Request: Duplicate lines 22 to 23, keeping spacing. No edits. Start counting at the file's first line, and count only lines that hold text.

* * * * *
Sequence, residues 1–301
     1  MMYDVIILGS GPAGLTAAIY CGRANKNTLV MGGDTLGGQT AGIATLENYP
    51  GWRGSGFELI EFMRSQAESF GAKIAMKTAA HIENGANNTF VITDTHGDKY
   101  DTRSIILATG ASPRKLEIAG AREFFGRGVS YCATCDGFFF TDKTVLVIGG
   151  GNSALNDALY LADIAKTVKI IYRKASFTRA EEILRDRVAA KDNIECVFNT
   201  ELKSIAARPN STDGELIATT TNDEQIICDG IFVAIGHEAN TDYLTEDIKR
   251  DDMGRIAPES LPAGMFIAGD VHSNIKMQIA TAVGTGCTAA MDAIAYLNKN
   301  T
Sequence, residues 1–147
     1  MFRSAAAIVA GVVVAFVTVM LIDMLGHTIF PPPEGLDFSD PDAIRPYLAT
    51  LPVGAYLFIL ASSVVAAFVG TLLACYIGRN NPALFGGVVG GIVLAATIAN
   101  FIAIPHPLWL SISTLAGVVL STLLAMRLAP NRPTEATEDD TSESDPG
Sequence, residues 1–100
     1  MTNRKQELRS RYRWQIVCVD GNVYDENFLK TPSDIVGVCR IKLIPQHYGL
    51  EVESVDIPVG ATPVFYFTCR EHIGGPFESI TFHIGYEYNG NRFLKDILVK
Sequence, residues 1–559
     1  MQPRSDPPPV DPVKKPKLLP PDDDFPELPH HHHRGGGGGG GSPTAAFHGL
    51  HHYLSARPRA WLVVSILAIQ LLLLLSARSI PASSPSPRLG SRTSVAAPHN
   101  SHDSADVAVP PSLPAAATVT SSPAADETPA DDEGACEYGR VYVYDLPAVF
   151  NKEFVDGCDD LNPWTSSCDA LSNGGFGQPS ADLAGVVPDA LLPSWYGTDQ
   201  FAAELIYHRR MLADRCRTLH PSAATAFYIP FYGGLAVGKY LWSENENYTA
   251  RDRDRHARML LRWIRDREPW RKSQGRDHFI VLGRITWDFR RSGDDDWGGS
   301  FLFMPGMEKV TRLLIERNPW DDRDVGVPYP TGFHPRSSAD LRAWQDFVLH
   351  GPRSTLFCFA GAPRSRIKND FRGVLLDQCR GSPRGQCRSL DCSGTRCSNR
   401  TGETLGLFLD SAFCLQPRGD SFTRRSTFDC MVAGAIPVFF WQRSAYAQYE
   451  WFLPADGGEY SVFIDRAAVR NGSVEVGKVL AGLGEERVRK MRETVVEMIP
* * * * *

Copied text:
   251  RDRDRHARML LRWIRDREPW RKSQGRDHFI VLGRITWDFR RSGDDDWGGS
   301  FLFMPGMEKV TRLLIERNPW DDRDVGVPYP TGFHPRSSAD LRAWQDFVLH